Lectio Divina: July 23, 2022
I haven’t done one of these in awhile so I thought, since yesterday was the anniversary of my Mani devotional, that I would look at one of the few references that we have in the lore pertaining to Mani. There really aren’t many and in some respects, that’s an incredible freedom in figuring out how to venerate Him. On the other side of that, I do wish we had just a bit more, a prayer, a hymn, something for Him because given how important agriculture and farming were to our ancestors, the House of Mundilfari must have had Their share of devotion, and more so than They receive today. We forget in our urban lives how important seasonal cycles – governed by Mani and Sunna – are to a farmer.
Of course, that’s not how I personally connect to Mani (through farming or agricultural cycles) but it’s something I’ve come to recognize and respect over the years of my devotion to Him. Now, onto the reading.
The passage I chose for today is from the Vafþrúðnismál stanza 23:
"Mundilfari heitir, hann er mána faðir ok svá Sólar it sama; himin hverfa þau skulu hverjan dag öldum at ártali." (1) He is called Turner of Time, He is Moon’s father and also thusly of Sun (2); They (dutifully) journey round the canopy of heaven every day to determine for people the liturgical year (3).
I do augury in the mornings and today’s message was that today is ok, but it’s one that will require patience in many little things, especially the early part of the day. That being said, I hope y’all will be patient with me as I pick my way through this verse. Also, I’m reading devotionally and to some degree theologically, not as a literature major. Do keep that in mind too! So, once I sat and translated this passage to the best of my ability, I noticed a few things.
Firstly, the word “it” may at times imply a dual form, which means it refers to two of something. Some languages have special forms for a pair. Ancient Greek is like that, for instance. If you’re referring to a pair of something, the verb takes a special form. Modern English doesn’t have a form like this. We would just use second- or third-person plural depending on the grammatical case required. If I’ve interpreted this correctly, then it stands out for me. When I read this, that use of the dual, while absolutely grammatically correct also creates a unique connection linking Mani and Sunna. They are a pair; They work together; and devotionally, I have to say this is true. When I think of One, the Other is not usually far behind in my thoughts. When I engage devotionally with One of Them, I often sense in my soul, echoes of the Other far more so than with any of the Other Powers Whom I venerate. While the lore doesn’t say anything about it, I’ve often assumed that They are twins. Regardless, They work hand in hand and the holiness, goodness, and journey of One reinforces the same in the Other (4).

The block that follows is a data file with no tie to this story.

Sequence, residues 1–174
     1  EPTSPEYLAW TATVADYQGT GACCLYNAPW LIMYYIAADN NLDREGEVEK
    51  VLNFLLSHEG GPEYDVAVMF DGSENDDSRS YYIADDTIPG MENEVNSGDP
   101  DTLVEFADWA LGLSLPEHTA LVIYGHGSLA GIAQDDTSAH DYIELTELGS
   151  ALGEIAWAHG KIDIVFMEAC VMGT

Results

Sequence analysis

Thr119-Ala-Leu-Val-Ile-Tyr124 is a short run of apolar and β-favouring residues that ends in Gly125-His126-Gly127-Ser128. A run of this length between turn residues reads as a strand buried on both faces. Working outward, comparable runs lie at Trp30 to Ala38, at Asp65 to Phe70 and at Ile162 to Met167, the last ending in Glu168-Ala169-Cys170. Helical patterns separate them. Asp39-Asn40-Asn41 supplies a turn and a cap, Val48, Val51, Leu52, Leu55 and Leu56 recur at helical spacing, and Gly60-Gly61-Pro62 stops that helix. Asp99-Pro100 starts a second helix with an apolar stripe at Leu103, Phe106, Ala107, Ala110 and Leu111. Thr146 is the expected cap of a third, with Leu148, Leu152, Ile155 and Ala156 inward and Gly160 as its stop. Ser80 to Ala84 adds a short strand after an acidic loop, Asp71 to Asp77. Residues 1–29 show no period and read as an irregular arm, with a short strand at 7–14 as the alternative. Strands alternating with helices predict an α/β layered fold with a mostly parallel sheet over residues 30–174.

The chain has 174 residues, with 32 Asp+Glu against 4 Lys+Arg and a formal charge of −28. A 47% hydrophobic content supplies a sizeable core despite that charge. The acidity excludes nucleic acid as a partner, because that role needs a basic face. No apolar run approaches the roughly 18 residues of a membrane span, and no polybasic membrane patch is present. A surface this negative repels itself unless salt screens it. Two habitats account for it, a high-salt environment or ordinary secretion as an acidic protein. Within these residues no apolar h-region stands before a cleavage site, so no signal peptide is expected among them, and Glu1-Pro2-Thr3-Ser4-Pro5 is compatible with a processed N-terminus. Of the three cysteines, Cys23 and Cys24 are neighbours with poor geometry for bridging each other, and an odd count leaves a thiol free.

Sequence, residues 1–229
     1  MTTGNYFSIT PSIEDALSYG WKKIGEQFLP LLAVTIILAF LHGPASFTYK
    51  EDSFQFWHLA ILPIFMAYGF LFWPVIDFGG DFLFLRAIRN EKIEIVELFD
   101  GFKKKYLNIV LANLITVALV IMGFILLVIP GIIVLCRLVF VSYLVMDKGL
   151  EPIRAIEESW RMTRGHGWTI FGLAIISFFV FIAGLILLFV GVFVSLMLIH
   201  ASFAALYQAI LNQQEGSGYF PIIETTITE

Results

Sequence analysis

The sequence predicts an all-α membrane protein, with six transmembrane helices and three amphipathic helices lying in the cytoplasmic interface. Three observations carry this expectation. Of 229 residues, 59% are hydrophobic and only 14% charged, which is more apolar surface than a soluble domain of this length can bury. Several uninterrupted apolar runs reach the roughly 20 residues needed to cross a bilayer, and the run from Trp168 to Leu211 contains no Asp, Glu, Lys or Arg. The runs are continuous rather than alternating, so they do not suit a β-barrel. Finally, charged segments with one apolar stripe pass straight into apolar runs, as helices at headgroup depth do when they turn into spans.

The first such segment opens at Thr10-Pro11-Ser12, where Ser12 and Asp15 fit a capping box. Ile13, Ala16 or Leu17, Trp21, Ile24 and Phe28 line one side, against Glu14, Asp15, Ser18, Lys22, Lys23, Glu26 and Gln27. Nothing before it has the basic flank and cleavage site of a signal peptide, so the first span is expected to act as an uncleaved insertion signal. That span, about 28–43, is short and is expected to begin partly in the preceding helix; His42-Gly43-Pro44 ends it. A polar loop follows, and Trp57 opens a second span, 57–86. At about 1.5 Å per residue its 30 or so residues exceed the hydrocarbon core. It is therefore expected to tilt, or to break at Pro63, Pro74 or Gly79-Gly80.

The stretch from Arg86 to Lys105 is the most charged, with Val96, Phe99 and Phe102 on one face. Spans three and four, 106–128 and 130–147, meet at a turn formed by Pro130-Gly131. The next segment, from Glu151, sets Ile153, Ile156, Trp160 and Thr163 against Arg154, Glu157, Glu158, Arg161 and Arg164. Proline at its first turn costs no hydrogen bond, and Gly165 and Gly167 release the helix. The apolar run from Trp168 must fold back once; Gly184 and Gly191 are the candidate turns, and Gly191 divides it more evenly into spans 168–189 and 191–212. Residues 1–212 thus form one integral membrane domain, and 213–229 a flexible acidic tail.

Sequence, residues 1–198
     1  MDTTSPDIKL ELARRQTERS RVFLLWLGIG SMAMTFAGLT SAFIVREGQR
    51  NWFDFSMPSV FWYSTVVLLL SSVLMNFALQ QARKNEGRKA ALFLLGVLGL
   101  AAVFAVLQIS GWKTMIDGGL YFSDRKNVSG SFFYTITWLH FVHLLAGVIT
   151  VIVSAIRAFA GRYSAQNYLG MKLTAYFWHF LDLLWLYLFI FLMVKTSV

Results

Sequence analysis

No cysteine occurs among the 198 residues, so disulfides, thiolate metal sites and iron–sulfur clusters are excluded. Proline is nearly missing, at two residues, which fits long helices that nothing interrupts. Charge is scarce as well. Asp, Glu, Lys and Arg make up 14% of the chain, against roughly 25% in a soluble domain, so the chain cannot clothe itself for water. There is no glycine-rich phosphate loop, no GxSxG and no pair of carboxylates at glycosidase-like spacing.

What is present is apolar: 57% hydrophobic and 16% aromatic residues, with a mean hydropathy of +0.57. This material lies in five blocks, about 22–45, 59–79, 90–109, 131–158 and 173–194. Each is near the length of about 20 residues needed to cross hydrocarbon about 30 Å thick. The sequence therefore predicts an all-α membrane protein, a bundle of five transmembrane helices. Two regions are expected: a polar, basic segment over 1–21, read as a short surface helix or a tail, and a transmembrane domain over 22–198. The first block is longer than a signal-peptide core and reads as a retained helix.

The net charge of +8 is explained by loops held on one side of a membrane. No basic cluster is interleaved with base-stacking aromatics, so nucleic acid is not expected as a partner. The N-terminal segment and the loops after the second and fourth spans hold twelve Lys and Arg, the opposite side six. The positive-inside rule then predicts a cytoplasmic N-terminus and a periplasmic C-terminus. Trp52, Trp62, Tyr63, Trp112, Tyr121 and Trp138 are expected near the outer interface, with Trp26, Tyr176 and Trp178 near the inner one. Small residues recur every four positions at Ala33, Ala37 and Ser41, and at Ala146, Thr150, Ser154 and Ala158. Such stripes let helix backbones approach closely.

The word himin or ‘heaven’ may actually be translated as “canopy of heaven” which immediately brings to mind, not the heaven of Christian religion but the dome of Ymir’s skull, the gleaming circlet that formed the space-making division between sky and land. When the three creator Gods Oðinn, Hoenir, and Loður slew Their primordial ancestor Ymir, They skillfully formed the scaffolding, the framework of creation with his blood, bones, and viscera. From Ymir’s skull these Gods created the vault of heaven, the sky, the galaxy, the cosmos – all that is above us. The verb skulu denotes obligation and duty (it’s where the third Norn Skuld gets Her name. In the case of skulu though, Cleasby/Vigfusson notes that it carries a relatively positive connotation), so here one might read it that “they must journey everyday around the canopy of heaven.” The word “at” when connected to a verb of motion carries a sense of traveling around the borders of a space or thing (5). So, Mani and Sunna each day have the duty of traversing or circumnavigating the great vault of heaven, the canopy of Ymir’s skull. In doing so, They are reinforcing creation, reifying the moment the three Creator Gods brought the whole structure into being and set it in motion. That means that Mani and Sunna, and by extension the House of Mundilfari, are absolutely essential cosmologically to creation, the ongoing sustenance of that creation, and the fabric of being.